What does this have to do with writing, you ask. After all, Mad Genius Club is supposed to be a blog by writers about writing. Well, writing is more than just sitting down at a desk and putting words onto paper. Writing is a process and it includes interacting with others in the profession as well as with your fans. That means treating people with respect, even if you don’t agree with them or even like them. That’s something too many seem to have forgotten in their attempt to prove their social and moral outrage at real or perceived wrongs. They forget that for every virtual high five they get for jumping onto the social media bandwagon condemning someone for their horrid behavior, they are causing someone else to look at them and wonder why they aren’t asking for both sides of the story. When an author posts a comment on Facebook or on their blog but says dissenting opinions won’t be allowed, it only shows that they are as closed minded as the person or persons they are condemning.

Is harassment at cons a problem? At some of them, yes. At others, not so much. Should anyone put up with it? Absolutely not. But there are ways to deal with it. Report the offense to the concom. If the person who has been perceived to be harassing someone is there in an official capacity, then report them to their employer. If anyone witness the incident, get their names and contact information and ask them to write down what they saw and/or heard. Ask if they’d be willing to tell the concom/employer/whomever about it. And document, document, document everything all along the process until it is done.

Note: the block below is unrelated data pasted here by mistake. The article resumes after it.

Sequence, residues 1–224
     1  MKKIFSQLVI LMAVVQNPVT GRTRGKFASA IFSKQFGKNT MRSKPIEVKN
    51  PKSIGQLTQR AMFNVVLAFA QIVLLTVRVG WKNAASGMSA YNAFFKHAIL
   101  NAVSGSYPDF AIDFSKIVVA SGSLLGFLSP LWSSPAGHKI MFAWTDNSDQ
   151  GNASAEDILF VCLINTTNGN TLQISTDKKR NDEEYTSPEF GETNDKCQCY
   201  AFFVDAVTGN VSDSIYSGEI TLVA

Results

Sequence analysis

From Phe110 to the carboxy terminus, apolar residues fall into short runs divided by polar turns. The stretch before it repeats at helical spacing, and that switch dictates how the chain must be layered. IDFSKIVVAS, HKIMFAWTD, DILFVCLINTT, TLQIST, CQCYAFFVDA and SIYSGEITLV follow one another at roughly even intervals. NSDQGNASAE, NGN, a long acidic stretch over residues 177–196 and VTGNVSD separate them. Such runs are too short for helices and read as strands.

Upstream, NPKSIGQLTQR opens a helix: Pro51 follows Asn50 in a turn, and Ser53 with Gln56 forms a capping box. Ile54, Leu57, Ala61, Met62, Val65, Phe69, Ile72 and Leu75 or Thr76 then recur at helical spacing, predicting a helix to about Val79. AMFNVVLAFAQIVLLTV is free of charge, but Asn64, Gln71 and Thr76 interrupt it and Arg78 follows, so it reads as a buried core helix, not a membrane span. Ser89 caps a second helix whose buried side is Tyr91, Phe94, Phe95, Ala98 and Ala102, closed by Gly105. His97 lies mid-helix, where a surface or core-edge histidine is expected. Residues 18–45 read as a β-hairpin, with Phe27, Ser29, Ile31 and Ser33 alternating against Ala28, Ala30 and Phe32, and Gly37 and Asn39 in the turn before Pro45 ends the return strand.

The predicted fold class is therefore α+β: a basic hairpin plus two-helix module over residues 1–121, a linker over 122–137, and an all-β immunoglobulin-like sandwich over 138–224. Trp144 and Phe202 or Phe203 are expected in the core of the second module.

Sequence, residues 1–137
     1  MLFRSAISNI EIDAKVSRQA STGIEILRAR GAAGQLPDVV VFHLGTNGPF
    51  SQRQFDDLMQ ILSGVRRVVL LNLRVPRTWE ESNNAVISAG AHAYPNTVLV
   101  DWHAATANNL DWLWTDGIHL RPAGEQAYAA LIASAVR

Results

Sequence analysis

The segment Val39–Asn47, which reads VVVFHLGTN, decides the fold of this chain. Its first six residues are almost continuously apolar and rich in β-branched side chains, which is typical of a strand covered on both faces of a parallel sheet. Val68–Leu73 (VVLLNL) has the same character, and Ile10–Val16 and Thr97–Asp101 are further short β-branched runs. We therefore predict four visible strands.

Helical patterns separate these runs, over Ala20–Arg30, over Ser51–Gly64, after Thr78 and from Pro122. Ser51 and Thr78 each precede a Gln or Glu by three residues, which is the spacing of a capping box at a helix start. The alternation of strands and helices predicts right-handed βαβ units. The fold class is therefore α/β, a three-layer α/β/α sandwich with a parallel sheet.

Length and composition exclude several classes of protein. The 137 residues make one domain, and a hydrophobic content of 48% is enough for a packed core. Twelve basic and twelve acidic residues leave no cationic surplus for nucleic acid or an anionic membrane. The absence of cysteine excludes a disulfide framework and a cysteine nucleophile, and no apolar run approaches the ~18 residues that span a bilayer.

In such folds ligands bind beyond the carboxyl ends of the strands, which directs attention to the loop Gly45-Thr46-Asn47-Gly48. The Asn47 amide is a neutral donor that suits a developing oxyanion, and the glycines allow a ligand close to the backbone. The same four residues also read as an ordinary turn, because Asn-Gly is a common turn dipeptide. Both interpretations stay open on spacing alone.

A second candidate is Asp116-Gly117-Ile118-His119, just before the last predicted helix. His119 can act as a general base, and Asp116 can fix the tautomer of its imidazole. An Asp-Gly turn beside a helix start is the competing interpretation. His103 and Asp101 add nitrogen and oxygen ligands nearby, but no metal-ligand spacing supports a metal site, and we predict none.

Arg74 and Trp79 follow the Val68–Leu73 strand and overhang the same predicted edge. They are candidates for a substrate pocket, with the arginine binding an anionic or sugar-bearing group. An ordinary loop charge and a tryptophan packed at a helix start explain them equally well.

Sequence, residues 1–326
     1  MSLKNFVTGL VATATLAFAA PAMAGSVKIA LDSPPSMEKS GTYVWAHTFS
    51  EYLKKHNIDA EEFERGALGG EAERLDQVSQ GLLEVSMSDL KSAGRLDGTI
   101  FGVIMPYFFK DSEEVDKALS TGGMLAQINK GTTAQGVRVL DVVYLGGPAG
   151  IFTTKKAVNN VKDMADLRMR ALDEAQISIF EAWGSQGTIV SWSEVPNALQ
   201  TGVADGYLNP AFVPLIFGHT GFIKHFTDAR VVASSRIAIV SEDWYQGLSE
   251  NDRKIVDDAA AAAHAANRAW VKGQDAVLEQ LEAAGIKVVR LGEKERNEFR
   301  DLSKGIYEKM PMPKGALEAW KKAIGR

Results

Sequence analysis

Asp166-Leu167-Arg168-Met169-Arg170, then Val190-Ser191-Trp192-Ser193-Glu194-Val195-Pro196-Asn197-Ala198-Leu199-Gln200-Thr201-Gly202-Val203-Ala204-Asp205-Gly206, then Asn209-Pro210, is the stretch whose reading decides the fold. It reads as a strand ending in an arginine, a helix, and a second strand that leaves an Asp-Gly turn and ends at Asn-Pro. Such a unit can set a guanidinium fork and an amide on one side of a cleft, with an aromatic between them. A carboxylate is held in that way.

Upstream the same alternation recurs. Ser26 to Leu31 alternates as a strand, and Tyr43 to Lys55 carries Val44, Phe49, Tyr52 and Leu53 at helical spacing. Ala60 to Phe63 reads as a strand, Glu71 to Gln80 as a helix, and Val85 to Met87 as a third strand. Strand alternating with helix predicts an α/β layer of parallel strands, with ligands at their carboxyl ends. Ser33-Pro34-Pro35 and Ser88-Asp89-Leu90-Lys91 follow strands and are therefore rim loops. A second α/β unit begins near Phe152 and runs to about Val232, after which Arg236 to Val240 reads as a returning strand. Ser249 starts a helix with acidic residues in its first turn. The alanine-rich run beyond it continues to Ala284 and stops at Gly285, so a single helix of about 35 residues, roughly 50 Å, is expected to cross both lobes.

Can you go public with what happened? Sure. But be prepared for folks to ask for details, especially if you name the other person involved. Part of it is because there are some people who get a kick out of reading the salacious details. But part of it is because most folks want to know both sides of the story before making a decision. So, either keep names out of it and stick with generalities or be prepared to answer the questions. Don’t kick your feet and pitch a fit just because there are some folks who want to know more. It isn’t putting you on trial. It is trying to be fair.

I know there will be a number of folks who will disagree with what I’ve said here. I’ve betrayed my sex by not instantly assuming that the woman who cries harassment has actually been harassed. I read a comment the other day where someone said the number of false harassment claims was so negligible as to be non-existent. It took me a while to stop laughing. That was almost as unbelievable as the comment that women can’t sexually harass as man. At the risk of being totally non-PC, that’s like saying someone who falls into a “minority” — be it racial, religious, etc — can’t be racist of prejudiced.